I often wonder if we aren’t called by these travails of guilt to help us learn that we can’t always be the center piece of strength and wellness, that there are secrets of living life with affliction that can help us truly understand the beauty of the rhythm of love both given and received, and that by taking a stance of gratitude and humility we honor the gift of love and caring others bestow upon us, as we hope they will honor whatever we might have to give as well. there is majesty and meaning in both – to be able to say, “I need you”, to be able to say, “what can I do for you?” – these are the expressions of the highest form of our humanity and to live them, to breathe them, to embrace them is to conquer guilt, that most wasted emotion that can tear our already aching hearts to shreds. it isn’t easy to rid ourselves of the guilt, but perhaps it’s worth practicing changing our thinking about it, simply because it only serves to makes us more miserable when we are fighting with all our might to be as well as is possible both physically and emotionally. but it is, indeed, a tall order and one most difficult to completely avoid.

    to dee, I am so very sorry for what you are going through, for the profound grief you feel with so many losses. thank you for telling us your story – your raw candor, written with such eloquence, resonates with me, as I know it does with so many others. to feel invisible when you urgently needed attention and care – you did the right thing in demanding someone spring into action to help you; and you should not have to suffer feeling guilty, no matter what. you were the patient, you needed to advocate for yourself, and whatever happened that made you feel guilty was not in your domain, but in the hands of the facility and it’s medical personnel. there are no answers, there will never be answers as to why you lived, and someone else died. I hope that you can restore your sense of feeling deserving of whatever care, concern, love, and compassion others in your life offer you. I will hold you close to my heart and send many warm and gentle hugs your way, hoping that the bright light of hope and love will bring comfort and healing to you.

    much love and light,


  2. Hi Karen

    Firstly I would like to welcome you back to the blog, and for taking the time to write these very personal comments. This blog is here because I know, that there are just so many people out there that feel like I do, but find it very difficult to communicate the way they feel.

    I think I agree with everything you have talked about above. I am just so pleased that people like yourself, Dee and many others, have found the confidence to put down in writing, some very personal emotions.It really is so helpful to share things, even the tough stuff. We can all learn from each other, and maybe it will help us understand why we feel how we do.

    Christmas is a particularly difficult time of the year, and I hope that you are able to find some positives with Adam and your friends.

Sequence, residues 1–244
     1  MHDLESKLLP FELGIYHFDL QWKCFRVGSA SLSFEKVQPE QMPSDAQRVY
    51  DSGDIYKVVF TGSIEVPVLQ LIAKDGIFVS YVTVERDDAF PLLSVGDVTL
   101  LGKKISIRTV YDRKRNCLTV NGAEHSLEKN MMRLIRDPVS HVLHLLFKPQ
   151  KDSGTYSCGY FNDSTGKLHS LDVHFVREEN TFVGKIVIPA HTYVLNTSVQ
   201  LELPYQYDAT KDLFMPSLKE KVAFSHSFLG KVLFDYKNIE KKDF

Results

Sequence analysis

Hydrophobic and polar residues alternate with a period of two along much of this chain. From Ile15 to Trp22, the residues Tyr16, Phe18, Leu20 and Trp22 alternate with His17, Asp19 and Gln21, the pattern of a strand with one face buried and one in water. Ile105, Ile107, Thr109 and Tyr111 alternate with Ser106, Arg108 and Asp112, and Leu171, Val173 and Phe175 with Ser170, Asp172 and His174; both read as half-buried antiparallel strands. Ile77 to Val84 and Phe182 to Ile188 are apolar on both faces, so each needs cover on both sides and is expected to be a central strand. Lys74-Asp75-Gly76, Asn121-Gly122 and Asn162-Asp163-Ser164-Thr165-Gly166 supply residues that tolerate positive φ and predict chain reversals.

I know my readers are very grateful for the open and honest way that you share your experiences. Your comments never fail to move me. But this is the beauty of social media, where we can all keep in touch, even if it is only occasionally. We will be here over the Christmas break too!

    My very best to you Karen. I hope things progress well for you, and please keep in touch when you can, Chris x

  3. thank you, Chris for your kind expressions and good wishes for me – the beauty of it all is that I truly FEEL them, and they make me smile, and feel comforted. and thank you also for your encouragement to keep commenting and sharing; these days of late, having the wherewithal to do so feels like an enormous blessing. you are a beautiful soul, who knows no boundaries with your desire to help us all keep in touch. thank you so much for that, Chris. xoxo

    • Hi Karen

      I soon realised, when I started my support work, that I would struggle physically to reach the number of people, that were looking for help. Every conference was busy with people who wanted to talk. Plus it was difficult with my own health. But people suggested I take to the internet to communicate, and I started that a couple of years ago.

      Now I blog, and am on Facebook and Twitter, and communicate with people around the world! I am grateful to technology and the people who support me in what I do. I am so pleased to hear you say the lovely things you have. It will never replace face to face work, but it is a great additional method of support.

      I love my work, because of people like you Karen. My thanks and best wishes for the Christmas period! We are always here 🙂 Chris x

  4. Hi Chris,
    Glad to have found your blog (thx, twitter). Thank you – to both you and Dee – for writing about all of these feelings that are so hard for us all. It’s really easy to feel like we’re all alone in our very uncomfortable feelings; I think it really can help the community to talk/write about them even if it’s not easy.

    I’m on the other end of things – amazingly, I’m a survivor of almost 13 years of an aggressive breast cancer. I do a lot to try to encourage others to be more physically active during & after treatment, but am also constantly sorting through all the emotional after effects. Ongoing process….

    Thanks for writing. Looking forward to reading more from you.


    • Hi Julie

      Firstly, I’m pleased you found the blog too, and thanks for your comments. I have always felt that it was important to talk about these issues. A couple of years ago, when I started writing, there weren’t so many blogs by patients, but it has certainly grown in popularity.

      We all write in our own unique style, and I guess it is about finding one that you enjoy. I try and talk about issues that others don’t, because, as you say, I feel it is important to know that you are not the only one who feels like that.

      I have learned a lot from my own writing, but also from the comments that people like yourself leave. We have a community here, where we can all learn from each other.

      Great to hear the positive things that you are doing with your life now. It is incredible how lives change after dealing with cancer! Well done to you on all counts.

      If u do find yourself with some spare time over the holidays, there is a good back catalogue of posts to read 🙂 Thank you for taking the time to share your thoughts and experience, and I wish you seasons greetings and look forward to welcoming you back to the blog soon. Chris